Types of Orifice Plates Used in Flow Measurement ~ Learning Instrumentation And Control Engineering Learning Instrumentation And Control Engineering

Types of Orifice Plates Used in Flow Measurement

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Orifice plates are the most widely used type of flow meters in the world today. They offer significant cost benefits over other types of flow meters, especially in larger line sizes, and have proved to be rugged, effective and reliable over many years. Where a need exists for a rugged, cost effective flow meter which has a low
installation cost and a turn-down of not more than 4:1, the orifice plate continues to offer a very competitive solution for flow rate measurement.

Here we introduce the most common types of orifice plates used in industrial process plants for flow measurement applications.

Types of Orifice Plate Designs
The orifice plate is a relatively inexpensive component of the orifice flow meter. Orifice plates are manufactured to stringent guidelines and tolerances for flatness bore diameter, surface finish, and imperfections in machining such as nicks and wire edges on the bore. Specific tolerances applicable to orifice plates in use in industrial applications are detailed in the American Gas Association (AGA) Reports especially report 3. The common designs of orifice plates available are:

 Square-Edge, Concentric Orifice Plates
The most common orifice plate is the square-edged, concentric bored design shown below. This type of orifice plate is manufactured by machining a precise, straight hole in the middle of a thin metal plate. The concentric bored orifice plate is the most used design because of its proven reliability in a variety of industrial applications and the extensive amount of research conducted on this design. The concentric orifice plate is also easily reproduced at a relatively low cost. The concentric orifice is used to measure a wide variety of single phase, liquid and gas products, typically in conjunction with flange taps.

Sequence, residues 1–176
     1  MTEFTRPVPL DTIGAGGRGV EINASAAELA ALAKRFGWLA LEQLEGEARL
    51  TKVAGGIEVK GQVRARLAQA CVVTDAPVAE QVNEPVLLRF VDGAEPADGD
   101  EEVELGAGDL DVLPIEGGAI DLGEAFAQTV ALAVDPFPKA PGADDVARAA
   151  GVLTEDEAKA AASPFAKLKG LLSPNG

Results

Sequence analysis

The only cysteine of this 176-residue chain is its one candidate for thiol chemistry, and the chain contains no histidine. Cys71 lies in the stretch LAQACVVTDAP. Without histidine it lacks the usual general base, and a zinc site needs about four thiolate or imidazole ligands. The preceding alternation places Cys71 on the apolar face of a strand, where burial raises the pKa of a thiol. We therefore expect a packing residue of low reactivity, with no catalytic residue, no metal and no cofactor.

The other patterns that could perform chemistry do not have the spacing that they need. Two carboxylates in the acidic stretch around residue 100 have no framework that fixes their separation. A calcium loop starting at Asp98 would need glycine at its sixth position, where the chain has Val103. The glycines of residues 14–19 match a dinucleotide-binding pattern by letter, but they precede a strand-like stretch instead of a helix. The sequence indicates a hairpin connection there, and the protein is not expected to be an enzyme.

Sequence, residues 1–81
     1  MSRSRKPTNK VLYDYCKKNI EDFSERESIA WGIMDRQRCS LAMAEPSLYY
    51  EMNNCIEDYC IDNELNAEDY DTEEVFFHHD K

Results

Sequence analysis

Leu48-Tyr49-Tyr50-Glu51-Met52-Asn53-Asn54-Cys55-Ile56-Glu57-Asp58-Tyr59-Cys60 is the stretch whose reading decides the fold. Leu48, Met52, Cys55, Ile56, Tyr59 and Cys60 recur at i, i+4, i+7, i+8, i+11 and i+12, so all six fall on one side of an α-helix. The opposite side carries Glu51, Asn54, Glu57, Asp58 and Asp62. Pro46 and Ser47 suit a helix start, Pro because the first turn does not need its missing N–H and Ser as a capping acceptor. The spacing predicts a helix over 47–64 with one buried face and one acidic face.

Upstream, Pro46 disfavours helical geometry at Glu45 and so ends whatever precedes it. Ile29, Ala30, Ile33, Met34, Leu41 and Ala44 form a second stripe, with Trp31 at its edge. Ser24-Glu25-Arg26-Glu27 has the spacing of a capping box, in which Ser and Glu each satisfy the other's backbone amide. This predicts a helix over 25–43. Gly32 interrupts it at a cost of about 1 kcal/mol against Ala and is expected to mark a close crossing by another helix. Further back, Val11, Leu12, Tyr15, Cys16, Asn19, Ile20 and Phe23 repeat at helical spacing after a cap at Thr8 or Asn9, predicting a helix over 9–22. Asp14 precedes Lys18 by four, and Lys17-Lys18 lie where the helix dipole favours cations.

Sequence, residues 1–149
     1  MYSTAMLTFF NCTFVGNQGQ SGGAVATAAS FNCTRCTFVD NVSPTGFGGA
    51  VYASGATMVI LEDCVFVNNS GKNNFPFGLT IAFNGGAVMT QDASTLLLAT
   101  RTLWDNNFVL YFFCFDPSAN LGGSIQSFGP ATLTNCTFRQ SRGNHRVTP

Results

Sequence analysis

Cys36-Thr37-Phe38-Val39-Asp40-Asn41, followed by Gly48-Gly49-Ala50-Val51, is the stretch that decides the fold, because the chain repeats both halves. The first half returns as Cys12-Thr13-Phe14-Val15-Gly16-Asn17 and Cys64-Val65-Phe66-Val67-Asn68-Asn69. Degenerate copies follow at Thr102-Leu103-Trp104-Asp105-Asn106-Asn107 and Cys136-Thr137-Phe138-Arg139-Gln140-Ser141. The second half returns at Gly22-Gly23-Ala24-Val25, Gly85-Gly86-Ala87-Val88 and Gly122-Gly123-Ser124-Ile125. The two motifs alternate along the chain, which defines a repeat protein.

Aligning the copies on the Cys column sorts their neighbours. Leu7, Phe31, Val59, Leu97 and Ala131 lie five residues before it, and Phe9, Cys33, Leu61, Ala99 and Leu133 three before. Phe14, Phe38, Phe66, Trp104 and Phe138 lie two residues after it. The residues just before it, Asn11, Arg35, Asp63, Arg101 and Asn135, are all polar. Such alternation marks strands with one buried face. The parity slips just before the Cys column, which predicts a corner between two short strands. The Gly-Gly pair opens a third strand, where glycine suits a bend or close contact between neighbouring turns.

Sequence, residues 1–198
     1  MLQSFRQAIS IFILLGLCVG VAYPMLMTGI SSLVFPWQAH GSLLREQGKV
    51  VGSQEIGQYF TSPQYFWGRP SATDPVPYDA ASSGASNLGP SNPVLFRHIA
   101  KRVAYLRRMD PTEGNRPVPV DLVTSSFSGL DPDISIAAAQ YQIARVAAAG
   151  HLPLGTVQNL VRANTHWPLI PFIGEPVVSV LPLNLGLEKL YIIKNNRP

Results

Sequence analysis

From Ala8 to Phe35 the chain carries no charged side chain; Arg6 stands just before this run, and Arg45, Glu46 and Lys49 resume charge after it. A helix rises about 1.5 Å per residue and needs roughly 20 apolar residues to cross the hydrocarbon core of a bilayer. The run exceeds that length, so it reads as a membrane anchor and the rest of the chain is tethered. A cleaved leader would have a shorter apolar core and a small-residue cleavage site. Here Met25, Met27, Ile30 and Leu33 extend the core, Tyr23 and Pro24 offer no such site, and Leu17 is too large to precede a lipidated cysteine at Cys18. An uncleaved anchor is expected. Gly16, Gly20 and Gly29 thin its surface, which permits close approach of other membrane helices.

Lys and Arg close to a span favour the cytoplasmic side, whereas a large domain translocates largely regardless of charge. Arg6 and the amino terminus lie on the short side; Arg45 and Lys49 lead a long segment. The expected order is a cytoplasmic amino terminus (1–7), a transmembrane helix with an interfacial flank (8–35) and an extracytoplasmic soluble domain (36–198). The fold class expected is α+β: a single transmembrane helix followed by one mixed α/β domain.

As shown in the diagram above, a side view of a square-edged concentric orifice plate reveals sharp edges (90 degree corners) at the hole. The square edge on the hole in an orifice plate helps to minimize contact with the fast-moving fluid stream going through the hole. Square-edged orifice plates may be installed in either direction, since the orifice plate looks exactly the same from either direction of fluid approach. In fact, this feature allows the square-edged orifice
plate to be used for measuring bidirectional flow rates.

A text label printed on the paddle or handle of any orifice plate customarily identifies the upstream side of that plate. In the case of the square-edged orifice plate it does not matter which side of the plate is upstream. It is vitally important to pay attention to the paddle’s text label on the orifice plate as this is the only sure indication of which direction an orifice plate needs to be installed.

Also shown in the above diagram is the side view for a bevelled square edge concentric orifice plate. The downstream side of the orifice plate is bevelled if the plate is relatively thick (1/8” or 1” or more). This bevelling helps to minimize contact with the fluid stream. Bevelled orifice plates are obviously uni-directional, and must be installed with the paddle text facing upstream while the bevelled end faces downstream.

Square-Edge, Eccentric Orifice Plates
The eccentric square-edged orifice plate has a hole that is located off-center to allow the undesired portions of the fluid to pass through the orifice rather than build up on the upstream face as shown below:
Square edge, eccentric orifice plate
These are generally used when the process material contains foreign matter that may block the orifice in the case of a concentric configuration. Eccentric orifice plates are used to measure the flow of fluids that carry solids and are also used to measure gases which carry liquids. With the eccentric orifice at the top of the plate, it can measure liquids that carry gas. It should be noted that the eccentric orifice has a higher degree of uncertainty as compared to the concentric orifice.

Square-Edge, Segmental Orifice Plates
The segmental Orifice plate has a hole that is not circular but rather a segment of a concentric circle as shown below:
Square edge, segmental orifice plate
Segmental orifice plates are used to measure the flow of light slurries and fluids with high concentration of solids. The design of segmental orifice eliminates the damming of foreign matter and provides more complete drainage than the eccentric orifice plate. The segmental orifice is considerably more expensive than the eccentric orifice and has slightly greater uncertainty.

Quadrant Radius Orifice Plates
Quadrant radius orifice plates have a special bore design as shown below:
Quadrant radius orifice plate
 The upstream side of the bore is shaped like a flow nozzle while the downstream side acts as a sharp edge orifice plate. They are recommended for measurement of viscous fluids which have pipe Reynolds numbers below 10,000. An increase in the viscosity of a fluid flowing through a sharp edge orifice will increase the diameter of the vena contracta (point of lowest static pressure downstream the orifice bore), which results in a decrease in differential pressure. However, an increase in the viscosity of a fluid flowing through a flow nozzle increases the friction drop in the flow through the nozzle, which results in an increase in the differential pressure. The quadrant radius orifice plate combines these two effects to produce a constant coefficient.